One thing that has had frightening and disappointing familiarity is the speed at which people - mostly other mothers - discount the feelings and experiences of those of us dealing with troubles in what should be a blissful time. From having people tell me 10,000 times that at least my child can eat (don't say this to a babyloss mom...we know all to well what the alternative could be, and it probably isn't the one these ignorant women who say things like that would even think of), that it doesn't matter whether baby is fed from the breast or bottle (believe me, for someone like me, whose body has failed in this becoming-a-parent job so many times in so many awful, terrible ways, it DOES matter!), I am reminded  (and revisited by that sick feeling in my stomach) of all the unintentionally hurtful things people (mostly women!) said to me after we lost the twins. Why is acknowledging someone's feelings and experience so difficult, so that instead we have to discount or one-up or minimize another?

Asher is wonderful, beautiful, perfect and still, unbelievably, mine. He has started smiling and cooing this week, and it's divine (and couldn't come at a better time for me emotionally). He knows I am his mama. My heart melts when his little hand grabs my arm in the middle of the night as I burp him after a feeding, when I'm the one who can ease his crying. I know I can meet his needs, maybe not the way I want to, but in a way that satisfies him (minus the over-tired meltdowns...still trying to figure that part out, and CIO sleep training is not something that Paul and I are comfortable with, thank you). We did end up taking him to a Portland ENT on July 8th after having a private Facebook conversation with the doctor late on the evening of July 6th (a Saturday!), where Asher was diagnosed with a stage 4 upper lip tie (ULT) and stage 4 posterior tongue tie (PTT), the most restrictive kinds. Mother's intuition is alive and well. We are thrilled we pursued this so aggressively. Even if Asher and I never have a full time breastfeeding relationship when it's all said and done (we're still trying, and making some headway), Paul and I know that by having his ties laser corrected, we will avoid the awful tooth decay, speech problems and head and neck issues usually associated with ties like these. (Turns out I'm tongue tied, too, and never knew it...and I am plagued with head and neck tensions, TMJ issues, etc.) The procedure was very quick, relatively painless, and probably easier on Asher than the stretches we had to 4 times daily for the subsequent three weeks were. (He and I both cried the first time, but it got easier, and now we're done.) I took him back to Portland two Fridays ago to visit with a highly recommended lactation consultant/herbalist/craniosacral therapist, and that was super helpful. Thanks to her, we are now breastfeeding at least once a day using a nipple shield for a deeper latch (he still hurts me without a shield). I am having supply problems despite a tincture she blended for me, so I may have a drug in my future to help with that...if I decide to continue with this. It has been terribly disappointing and frustrating, and the supply issues make it really hard to not internalize this experience and beat myself with it (even though Asher's anatomical issues caused it all to begin with, and I would certainly never chastise HIM for it!).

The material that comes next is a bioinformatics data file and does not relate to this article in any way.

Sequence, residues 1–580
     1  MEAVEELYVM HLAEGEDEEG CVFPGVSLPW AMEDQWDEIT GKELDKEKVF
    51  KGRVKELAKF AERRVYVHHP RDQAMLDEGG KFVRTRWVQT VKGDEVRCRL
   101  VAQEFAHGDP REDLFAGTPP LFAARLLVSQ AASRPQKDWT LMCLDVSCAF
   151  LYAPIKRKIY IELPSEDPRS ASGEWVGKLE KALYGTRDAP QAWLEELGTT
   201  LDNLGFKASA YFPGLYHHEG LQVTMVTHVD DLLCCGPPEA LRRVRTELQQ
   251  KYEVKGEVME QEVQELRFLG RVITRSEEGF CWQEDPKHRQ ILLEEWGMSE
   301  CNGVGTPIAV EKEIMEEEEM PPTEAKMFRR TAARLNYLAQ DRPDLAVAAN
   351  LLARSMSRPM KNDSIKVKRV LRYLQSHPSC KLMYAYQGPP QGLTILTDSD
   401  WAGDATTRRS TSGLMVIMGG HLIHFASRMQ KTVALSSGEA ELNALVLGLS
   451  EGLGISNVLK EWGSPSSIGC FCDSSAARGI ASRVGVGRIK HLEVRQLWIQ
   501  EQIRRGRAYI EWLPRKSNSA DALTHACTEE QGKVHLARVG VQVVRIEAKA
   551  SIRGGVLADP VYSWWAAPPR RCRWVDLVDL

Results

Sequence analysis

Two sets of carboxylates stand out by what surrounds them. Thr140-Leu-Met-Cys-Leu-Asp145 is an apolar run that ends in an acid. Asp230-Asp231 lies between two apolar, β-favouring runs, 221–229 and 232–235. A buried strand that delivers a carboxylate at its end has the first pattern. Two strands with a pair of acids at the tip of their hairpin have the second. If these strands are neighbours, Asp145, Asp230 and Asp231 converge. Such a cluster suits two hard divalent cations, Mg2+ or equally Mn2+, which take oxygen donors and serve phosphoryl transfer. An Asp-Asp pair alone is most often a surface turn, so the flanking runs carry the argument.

Saturday, July 6, 2013

Time flies

Asher Paul is two weeks and one day old today (well, technically, at 10:10 tonight). I'd always heard how fast time blows by with children in the picture, but I truly had no idea. I feel like I'm living in a time warp. I labored and pushed this kid out of me two weeks ago?! How is that even possible?

I always sort of wondered why BLMs tended to disappear for a while once their rainbows arrived safely. How naive. I totally get it now. In my world, at least, time is sucked up by visitors, trying to change and feed my son (more on that below), and squeezing in minor chores where I can, etc. "Sleep when the baby sleeps"?! Yeah, right. Maybe if I had a sister wife.